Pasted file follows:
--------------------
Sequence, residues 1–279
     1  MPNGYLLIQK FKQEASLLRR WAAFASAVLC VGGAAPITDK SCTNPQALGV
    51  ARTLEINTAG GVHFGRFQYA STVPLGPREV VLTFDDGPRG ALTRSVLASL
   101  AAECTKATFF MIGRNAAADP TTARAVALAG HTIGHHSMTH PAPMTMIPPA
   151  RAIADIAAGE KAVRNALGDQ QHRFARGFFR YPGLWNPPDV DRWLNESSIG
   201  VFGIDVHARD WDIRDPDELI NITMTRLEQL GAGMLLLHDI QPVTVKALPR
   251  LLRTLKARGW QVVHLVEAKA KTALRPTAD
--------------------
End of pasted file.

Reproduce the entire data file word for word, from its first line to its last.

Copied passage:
Sequence, residues 1–279
     1  MPNGYLLIQK FKQEASLLRR WAAFASAVLC VGGAAPITDK SCTNPQALGV
    51  ARTLEINTAG GVHFGRFQYA STVPLGPREV VLTFDDGPRG ALTRSVLASL
   101  AAECTKATFF MIGRNAAADP TTARAVALAG HTIGHHSMTH PAPMTMIPPA
   151  RAIADIAAGE KAVRNALGDQ QHRFARGFFR YPGLWNPPDV DRWLNESSIG
   201  VFGIDVHARD WDIRDPDELI NITMTRLEQL GAGMLLLHDI QPVTVKALPR
   251  LLRTLKARGW QVVHLVEAKA KTALRPTAD